The nine-day fashion carnival in Shanghai finally concluded with surprises and applause. Following strict pandemic-control measures, the Spring 2023 season of Shanghai Fashion Week successfully hosted 84 physical shows and 12 trade shows from September 22 to 30. In addition to the long-waited offline presentations, SHFW continued its partnership with Douyin to elevate its digital initiatives, inviting brands and designers to post vlogs and photos to engage online audiences.
Established labels such as Comme Moi, 8on8, Xu Zhi, and Shushu/tong secured local fashionistas’ attention as always while new names like M Essential Noir, Ao Yes, MTG, and Yehua Fan made their runway debut. Meanwhile, Labelhood, a Shanghai-based platform supporting Chinese emerging fashion talents, launched its pioneering fashion and arts festival with the theme of “Oriental Youth.”
The strategic collaboration between SHFW and Douyin contributed to massive online impressions and engagements, driven by official show videos and user-generated content. On the short-video platform, the hashtag #ShanghaiFashionWeek racked up 1.27 billion views as of September 30.
With a commitment to connecting emerging fashion designers and local audiences, Labelhood initiated a bonus program to offer its social media followers opportunities to earn complimentary show tickets. This scheme not only drove organic online and offline traffic for the fashion week activations, but also broke the traditional fashion week model exclusive to media, celebrities, and brands’ VIP customers.
The Spring 2023 Shanghai Fashion Week came earlier than expected. In light of uncertainties around COVID-19 in China, consumers have a stronger longing for connections and newness, whether physical or virtual. Making this season of SHFW happen showcased the determination of designers and showrooms alike to accelerate the recovery of the local fashion industry, which had been lagging behind due to lockdowns earlier this year.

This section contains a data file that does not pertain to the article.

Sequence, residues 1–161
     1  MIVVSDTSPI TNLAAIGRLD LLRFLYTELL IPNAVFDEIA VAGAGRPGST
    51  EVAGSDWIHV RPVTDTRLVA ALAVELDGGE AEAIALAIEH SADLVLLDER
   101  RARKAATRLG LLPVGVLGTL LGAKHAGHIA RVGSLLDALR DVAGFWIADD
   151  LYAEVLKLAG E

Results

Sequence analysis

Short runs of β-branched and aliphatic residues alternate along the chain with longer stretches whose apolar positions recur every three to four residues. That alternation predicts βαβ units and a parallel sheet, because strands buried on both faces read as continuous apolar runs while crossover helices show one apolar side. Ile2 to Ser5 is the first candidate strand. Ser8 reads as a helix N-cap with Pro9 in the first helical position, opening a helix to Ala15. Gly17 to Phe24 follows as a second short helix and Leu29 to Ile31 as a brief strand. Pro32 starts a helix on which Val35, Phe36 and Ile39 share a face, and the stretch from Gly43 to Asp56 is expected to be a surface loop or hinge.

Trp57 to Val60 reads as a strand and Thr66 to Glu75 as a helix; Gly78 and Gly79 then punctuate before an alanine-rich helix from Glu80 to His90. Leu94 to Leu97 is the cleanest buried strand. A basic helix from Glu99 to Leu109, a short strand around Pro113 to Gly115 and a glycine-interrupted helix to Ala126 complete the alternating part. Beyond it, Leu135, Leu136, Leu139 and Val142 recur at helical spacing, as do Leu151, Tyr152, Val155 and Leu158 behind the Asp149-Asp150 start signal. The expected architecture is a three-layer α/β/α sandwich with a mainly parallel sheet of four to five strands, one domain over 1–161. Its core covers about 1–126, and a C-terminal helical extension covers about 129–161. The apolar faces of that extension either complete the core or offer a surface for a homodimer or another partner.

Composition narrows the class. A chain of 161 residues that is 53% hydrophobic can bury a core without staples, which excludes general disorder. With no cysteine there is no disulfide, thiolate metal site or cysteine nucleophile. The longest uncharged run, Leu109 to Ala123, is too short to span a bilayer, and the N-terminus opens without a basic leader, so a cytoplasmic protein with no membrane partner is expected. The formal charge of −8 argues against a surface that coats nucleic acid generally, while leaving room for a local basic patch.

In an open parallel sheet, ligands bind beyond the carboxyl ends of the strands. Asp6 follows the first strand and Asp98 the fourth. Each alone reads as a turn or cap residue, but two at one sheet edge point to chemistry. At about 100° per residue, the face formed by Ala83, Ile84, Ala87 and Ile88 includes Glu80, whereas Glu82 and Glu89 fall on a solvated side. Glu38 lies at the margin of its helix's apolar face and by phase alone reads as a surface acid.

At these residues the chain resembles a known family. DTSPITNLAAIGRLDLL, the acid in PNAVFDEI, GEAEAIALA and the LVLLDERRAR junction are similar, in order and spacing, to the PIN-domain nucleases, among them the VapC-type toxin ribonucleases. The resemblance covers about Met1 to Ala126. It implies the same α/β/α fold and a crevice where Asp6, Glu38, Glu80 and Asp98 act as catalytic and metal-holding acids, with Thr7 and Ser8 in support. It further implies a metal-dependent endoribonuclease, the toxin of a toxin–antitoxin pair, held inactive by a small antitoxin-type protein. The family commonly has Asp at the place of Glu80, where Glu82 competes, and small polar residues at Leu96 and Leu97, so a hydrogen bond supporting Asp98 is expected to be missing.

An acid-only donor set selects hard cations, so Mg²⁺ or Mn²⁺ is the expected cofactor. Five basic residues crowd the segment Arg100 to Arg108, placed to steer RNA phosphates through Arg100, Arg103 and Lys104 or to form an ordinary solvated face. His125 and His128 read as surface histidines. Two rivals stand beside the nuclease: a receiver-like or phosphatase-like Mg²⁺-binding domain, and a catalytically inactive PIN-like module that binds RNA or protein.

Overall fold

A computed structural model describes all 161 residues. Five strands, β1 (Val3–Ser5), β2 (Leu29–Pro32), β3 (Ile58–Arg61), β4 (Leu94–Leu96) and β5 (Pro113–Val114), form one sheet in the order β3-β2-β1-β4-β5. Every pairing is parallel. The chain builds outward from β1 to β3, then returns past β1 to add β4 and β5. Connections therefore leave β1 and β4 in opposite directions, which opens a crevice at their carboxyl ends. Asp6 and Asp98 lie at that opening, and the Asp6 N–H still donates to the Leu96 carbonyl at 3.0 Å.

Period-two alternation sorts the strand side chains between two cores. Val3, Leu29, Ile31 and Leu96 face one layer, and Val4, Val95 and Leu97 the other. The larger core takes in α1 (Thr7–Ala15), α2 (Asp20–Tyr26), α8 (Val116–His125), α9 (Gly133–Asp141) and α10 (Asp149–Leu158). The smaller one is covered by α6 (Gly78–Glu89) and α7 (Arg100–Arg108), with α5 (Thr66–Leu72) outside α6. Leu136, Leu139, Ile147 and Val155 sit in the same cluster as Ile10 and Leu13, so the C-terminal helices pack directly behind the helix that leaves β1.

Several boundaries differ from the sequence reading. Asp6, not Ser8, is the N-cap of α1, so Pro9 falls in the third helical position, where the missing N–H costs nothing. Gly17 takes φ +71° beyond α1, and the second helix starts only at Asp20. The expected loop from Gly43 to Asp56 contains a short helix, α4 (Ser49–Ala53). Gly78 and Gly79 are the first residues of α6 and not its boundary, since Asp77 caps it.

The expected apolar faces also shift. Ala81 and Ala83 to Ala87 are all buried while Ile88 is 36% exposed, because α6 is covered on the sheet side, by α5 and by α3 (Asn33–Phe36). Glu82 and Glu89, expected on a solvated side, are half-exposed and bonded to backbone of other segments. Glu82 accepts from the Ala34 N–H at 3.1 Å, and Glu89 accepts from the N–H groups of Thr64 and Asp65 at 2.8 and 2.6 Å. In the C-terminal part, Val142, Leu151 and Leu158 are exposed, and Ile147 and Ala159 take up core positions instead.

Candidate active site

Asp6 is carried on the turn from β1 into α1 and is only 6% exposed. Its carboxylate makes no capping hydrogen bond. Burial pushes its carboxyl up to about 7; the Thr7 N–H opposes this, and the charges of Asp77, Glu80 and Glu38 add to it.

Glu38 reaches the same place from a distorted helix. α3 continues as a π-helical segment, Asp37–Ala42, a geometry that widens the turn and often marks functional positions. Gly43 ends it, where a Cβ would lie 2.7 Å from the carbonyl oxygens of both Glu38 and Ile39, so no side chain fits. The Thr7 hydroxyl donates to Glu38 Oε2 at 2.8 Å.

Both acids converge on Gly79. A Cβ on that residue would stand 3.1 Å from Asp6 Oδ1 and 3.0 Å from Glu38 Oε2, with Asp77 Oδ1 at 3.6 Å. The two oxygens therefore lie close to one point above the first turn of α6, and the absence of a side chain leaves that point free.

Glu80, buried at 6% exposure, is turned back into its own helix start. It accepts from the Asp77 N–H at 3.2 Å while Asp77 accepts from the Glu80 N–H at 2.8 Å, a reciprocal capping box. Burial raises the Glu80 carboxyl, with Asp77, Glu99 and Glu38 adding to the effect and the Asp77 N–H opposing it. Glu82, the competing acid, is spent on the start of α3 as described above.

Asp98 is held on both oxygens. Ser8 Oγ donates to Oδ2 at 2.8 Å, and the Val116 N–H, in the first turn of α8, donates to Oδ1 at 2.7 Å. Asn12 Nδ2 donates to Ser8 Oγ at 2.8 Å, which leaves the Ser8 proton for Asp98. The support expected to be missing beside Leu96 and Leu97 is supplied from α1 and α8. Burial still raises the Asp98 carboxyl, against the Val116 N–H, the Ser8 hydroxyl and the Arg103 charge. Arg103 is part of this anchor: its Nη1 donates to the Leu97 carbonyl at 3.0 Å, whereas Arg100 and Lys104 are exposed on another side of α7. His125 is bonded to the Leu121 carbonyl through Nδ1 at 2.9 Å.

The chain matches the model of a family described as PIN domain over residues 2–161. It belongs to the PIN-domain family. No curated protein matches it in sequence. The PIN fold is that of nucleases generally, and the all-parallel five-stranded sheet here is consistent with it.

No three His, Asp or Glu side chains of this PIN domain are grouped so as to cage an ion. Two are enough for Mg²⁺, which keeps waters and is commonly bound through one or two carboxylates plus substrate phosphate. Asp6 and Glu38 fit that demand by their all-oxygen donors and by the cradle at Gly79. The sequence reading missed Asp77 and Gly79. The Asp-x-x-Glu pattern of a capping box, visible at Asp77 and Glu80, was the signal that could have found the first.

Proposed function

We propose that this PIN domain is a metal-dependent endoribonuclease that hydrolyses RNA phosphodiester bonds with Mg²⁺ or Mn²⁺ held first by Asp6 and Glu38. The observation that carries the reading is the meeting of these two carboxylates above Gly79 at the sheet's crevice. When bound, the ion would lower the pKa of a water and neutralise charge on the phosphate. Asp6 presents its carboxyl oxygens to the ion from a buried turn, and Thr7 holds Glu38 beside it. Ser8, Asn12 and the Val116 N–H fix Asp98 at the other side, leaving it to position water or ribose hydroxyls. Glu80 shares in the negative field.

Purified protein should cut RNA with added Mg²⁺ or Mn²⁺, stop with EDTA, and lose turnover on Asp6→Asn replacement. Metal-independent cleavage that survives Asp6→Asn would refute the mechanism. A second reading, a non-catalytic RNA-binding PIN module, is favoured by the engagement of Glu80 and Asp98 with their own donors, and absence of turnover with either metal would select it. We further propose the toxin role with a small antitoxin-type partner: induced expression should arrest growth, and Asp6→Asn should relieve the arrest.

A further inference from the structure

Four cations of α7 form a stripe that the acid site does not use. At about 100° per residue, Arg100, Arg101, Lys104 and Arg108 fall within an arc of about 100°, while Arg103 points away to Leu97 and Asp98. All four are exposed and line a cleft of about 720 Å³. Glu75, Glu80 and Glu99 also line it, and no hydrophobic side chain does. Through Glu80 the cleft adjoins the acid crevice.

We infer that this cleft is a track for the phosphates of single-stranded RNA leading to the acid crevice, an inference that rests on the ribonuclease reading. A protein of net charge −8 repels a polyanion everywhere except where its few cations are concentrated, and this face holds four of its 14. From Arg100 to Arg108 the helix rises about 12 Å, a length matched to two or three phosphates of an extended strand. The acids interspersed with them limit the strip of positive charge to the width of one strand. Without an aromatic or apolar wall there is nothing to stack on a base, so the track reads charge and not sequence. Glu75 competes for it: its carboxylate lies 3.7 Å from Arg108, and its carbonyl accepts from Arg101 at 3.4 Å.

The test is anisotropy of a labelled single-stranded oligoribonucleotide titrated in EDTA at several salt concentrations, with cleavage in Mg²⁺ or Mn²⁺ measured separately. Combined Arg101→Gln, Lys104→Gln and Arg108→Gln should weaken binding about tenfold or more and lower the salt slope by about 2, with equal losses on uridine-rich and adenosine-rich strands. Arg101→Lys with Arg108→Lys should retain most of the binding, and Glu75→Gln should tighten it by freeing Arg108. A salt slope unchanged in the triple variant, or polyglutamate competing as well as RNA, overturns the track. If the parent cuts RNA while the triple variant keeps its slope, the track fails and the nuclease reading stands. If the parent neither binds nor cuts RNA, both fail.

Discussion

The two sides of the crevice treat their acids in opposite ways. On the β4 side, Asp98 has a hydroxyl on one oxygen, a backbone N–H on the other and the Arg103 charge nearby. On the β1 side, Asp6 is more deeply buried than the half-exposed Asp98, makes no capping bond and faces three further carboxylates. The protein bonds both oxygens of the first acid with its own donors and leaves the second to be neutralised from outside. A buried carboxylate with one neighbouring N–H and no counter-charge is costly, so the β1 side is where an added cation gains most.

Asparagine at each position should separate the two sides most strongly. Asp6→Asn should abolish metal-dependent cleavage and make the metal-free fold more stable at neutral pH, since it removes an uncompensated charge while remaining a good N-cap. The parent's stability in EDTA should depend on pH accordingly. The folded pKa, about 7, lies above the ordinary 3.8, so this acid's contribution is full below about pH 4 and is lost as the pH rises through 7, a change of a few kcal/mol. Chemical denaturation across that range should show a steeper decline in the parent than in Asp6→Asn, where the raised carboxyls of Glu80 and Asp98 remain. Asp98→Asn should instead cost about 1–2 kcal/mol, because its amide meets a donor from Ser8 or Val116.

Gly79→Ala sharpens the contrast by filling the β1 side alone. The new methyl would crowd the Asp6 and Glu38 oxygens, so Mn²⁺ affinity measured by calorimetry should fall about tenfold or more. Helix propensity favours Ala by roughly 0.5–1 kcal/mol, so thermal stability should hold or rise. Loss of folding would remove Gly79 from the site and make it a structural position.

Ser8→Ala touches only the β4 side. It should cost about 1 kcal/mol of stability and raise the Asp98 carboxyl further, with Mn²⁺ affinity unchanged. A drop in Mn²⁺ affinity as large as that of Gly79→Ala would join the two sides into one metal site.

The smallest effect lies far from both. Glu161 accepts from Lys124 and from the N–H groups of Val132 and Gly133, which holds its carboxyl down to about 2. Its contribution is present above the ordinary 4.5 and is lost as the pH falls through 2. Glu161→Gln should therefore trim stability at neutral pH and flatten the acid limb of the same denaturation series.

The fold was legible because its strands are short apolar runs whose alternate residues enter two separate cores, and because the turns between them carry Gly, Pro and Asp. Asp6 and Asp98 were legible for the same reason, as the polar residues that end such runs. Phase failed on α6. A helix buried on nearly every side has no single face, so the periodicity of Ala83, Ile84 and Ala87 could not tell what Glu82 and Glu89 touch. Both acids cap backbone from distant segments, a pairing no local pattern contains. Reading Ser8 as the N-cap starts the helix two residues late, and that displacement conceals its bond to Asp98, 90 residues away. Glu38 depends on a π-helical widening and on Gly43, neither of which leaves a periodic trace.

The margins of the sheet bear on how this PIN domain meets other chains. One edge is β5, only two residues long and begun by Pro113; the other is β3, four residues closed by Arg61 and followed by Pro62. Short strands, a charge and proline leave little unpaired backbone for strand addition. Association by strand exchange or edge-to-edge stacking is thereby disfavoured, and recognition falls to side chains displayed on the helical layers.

From the business side, buyers are more cautious about making orders at trade shows, says Daisy Wu, PR of lingerie brand Her Senses, which participated in Ontimeshow. “Many local multi-brand stores still have overstock from last season due to lockdowns. If their cash flow is vulnerable, it will be difficult to make new bids this season,” Wu explains.
Still, the surging demand for local designs proves that there are untapped opportunities for homegrown labels. This year, brands including Shushu/tong and Calvin Luo opened standalone physical stores, marking a milestone for these independent designers. And more new-generation talents like Louis Shengtao Chen are expected to emerge from their early stages. How to navigate the macro market environment while maintaining their creativity and vision will be a critical challenge for all players.
Additional reporting by Janice Li and Naomi Wu